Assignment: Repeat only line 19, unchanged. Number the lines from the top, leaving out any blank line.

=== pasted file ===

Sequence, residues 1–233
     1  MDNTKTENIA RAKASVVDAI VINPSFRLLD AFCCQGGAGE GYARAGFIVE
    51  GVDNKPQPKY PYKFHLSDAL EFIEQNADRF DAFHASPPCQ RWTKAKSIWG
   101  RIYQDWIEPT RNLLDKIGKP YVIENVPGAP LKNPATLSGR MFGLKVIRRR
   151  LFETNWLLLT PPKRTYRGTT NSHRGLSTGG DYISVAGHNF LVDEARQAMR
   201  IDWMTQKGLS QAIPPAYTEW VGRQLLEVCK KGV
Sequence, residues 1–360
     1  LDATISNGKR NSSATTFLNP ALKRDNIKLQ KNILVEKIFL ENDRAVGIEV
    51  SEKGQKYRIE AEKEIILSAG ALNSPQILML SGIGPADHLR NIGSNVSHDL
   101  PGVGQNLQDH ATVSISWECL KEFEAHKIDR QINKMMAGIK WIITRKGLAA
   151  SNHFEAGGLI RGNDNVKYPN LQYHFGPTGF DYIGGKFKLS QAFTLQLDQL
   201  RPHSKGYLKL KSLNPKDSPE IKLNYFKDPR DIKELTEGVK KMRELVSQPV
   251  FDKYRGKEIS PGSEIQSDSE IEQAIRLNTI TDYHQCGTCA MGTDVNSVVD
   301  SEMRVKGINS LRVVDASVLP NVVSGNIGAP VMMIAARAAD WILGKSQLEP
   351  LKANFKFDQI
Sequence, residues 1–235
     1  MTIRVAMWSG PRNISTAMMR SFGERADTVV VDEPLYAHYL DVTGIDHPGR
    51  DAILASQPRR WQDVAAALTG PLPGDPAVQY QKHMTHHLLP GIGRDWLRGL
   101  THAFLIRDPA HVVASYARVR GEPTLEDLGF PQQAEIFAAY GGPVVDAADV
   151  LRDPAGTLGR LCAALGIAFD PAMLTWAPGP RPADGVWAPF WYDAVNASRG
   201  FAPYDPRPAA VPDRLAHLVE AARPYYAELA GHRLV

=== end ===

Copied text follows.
   101  THAFLIRDPA HVVASYARVR GEPTLEDLGF PQQAEIFAAY GGPVVDAADV